laser product that does not fall within the scope of another EN standard that addresses the safety of a
specific category of laser products
Note 1 to entry: Examples of products where such other EN Standards exist are medical lasers (EN 60601-2-22),
electric toys (EN 62115) or laser processing machines (EN ISO 11553-1, EN ISO 11553-2).
Note 2 to entry: General laser products are for instance laboratory equipment, laser products for measurements,
laser pointers, display lasers and laser illuminated projectors.
1
Note 3 to entry: EN 50689 is not considered as another EN standard that addresses the safety of a specific category
of laser products, since it applies to all consumer laser products.“
3 Modification to subclause 4.3, “Classification rules”
In Note 3 of 4.3 c), replace the following text:
“NOTE 3 A source is considered an extended source when the angular subtense of the source is
greater than α , where α = 1,5 mrad. Most laser sources have an angular subtense α less than α ,
min min min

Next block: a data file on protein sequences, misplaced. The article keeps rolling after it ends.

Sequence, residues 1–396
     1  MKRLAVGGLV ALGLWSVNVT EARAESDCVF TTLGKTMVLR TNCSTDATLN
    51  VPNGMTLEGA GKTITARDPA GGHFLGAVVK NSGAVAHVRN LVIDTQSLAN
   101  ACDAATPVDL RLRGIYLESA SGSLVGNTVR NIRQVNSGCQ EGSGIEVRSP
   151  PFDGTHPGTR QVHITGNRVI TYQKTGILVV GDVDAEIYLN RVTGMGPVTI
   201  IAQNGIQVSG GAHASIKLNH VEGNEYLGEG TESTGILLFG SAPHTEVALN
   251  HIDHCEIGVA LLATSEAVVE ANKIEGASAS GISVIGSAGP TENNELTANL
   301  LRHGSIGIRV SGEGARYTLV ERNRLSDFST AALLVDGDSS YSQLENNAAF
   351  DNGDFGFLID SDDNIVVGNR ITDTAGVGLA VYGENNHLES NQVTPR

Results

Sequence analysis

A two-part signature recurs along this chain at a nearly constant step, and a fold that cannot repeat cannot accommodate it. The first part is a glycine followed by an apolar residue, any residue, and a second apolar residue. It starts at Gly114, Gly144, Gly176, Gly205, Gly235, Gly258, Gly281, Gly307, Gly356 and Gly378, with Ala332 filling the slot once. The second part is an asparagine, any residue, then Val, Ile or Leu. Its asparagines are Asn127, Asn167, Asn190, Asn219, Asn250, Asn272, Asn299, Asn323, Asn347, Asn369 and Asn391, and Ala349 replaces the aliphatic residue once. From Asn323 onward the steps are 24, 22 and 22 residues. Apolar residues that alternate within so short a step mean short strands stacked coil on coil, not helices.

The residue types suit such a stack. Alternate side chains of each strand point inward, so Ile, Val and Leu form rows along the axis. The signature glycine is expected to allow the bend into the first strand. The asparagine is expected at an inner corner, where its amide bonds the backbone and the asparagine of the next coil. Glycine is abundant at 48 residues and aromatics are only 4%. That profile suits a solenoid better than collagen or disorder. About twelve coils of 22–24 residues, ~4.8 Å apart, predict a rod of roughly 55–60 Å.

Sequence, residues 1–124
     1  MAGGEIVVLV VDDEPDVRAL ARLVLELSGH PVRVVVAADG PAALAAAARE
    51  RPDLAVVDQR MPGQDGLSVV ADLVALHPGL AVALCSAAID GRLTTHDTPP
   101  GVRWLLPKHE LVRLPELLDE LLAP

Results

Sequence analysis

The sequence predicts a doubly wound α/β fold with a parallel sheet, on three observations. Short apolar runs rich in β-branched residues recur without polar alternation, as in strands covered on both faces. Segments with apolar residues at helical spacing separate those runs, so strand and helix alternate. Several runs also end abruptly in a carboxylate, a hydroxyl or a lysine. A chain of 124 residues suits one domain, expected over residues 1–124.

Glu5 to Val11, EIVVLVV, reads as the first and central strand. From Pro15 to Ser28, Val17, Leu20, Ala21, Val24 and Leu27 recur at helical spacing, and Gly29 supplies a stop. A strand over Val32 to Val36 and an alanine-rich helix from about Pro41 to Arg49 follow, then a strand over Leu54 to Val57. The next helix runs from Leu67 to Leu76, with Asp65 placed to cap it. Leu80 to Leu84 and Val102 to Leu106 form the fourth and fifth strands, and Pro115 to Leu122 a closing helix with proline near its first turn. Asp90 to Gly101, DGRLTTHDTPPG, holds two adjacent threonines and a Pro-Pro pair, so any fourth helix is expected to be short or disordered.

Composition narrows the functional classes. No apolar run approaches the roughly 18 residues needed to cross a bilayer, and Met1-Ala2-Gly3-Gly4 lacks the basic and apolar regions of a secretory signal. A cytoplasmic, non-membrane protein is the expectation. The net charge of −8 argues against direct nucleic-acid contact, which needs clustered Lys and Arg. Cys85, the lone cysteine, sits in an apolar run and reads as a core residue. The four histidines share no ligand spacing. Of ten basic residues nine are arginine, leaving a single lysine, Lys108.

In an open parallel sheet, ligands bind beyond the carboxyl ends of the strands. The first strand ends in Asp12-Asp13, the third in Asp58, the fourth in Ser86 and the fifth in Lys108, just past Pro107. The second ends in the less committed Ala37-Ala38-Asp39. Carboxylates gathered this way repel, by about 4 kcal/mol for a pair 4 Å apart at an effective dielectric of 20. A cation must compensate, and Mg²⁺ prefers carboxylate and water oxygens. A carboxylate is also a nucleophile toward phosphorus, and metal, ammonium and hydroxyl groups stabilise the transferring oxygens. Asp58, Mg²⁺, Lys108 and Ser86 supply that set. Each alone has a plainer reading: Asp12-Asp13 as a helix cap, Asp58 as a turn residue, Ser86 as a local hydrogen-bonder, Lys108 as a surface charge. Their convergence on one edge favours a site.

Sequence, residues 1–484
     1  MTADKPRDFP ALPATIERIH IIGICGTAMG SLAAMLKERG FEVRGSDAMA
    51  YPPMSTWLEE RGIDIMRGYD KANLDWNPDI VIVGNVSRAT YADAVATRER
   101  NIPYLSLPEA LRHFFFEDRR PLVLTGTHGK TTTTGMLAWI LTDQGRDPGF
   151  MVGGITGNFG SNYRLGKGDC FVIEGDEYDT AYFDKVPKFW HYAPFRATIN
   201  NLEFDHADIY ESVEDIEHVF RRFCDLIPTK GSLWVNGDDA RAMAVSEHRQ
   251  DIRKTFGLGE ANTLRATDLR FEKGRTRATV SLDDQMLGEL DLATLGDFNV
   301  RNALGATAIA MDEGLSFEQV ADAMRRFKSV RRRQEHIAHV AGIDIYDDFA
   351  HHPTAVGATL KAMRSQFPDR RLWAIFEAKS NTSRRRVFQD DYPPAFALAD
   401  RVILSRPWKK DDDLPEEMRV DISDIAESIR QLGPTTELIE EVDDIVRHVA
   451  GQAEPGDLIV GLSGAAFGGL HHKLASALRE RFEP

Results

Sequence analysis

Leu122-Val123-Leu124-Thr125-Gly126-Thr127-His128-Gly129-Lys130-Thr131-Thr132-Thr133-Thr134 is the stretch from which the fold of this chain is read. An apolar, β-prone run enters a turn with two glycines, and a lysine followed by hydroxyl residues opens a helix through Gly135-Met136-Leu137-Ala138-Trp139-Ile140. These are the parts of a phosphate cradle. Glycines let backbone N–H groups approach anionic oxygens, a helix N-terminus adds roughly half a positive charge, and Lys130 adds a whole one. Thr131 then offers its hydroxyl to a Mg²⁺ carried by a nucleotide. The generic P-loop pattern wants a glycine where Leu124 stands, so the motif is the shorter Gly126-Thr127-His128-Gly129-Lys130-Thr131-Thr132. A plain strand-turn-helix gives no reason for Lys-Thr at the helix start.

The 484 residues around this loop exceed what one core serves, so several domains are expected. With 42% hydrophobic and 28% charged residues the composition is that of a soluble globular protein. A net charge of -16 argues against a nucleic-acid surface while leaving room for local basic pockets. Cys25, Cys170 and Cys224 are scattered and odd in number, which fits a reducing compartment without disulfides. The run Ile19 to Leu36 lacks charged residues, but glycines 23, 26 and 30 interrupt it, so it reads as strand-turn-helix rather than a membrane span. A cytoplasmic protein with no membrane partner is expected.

and appear as an apparent “point source” (small source) when viewed from within the beam (intra-beam
viewing). Indeed a circular laser beam cannot be collimated to a divergence less than 1,5 mrad if it is an
extended source, thus any laser where a beam divergence of 1,5 mrad or less is specified cannot be treated
as an extended source. For a small source, α is set to α = 1,5 mrad and C = 1.”
min 6
with:
“NOTE 3 An apparent source is considered an extended source when the angular subtense of the
apparent source (i.e. the angular subtense of the image of the source) is greater than α , where
min
α = 1,5 mrad (note that different accommodation states as well as different positions in the beam have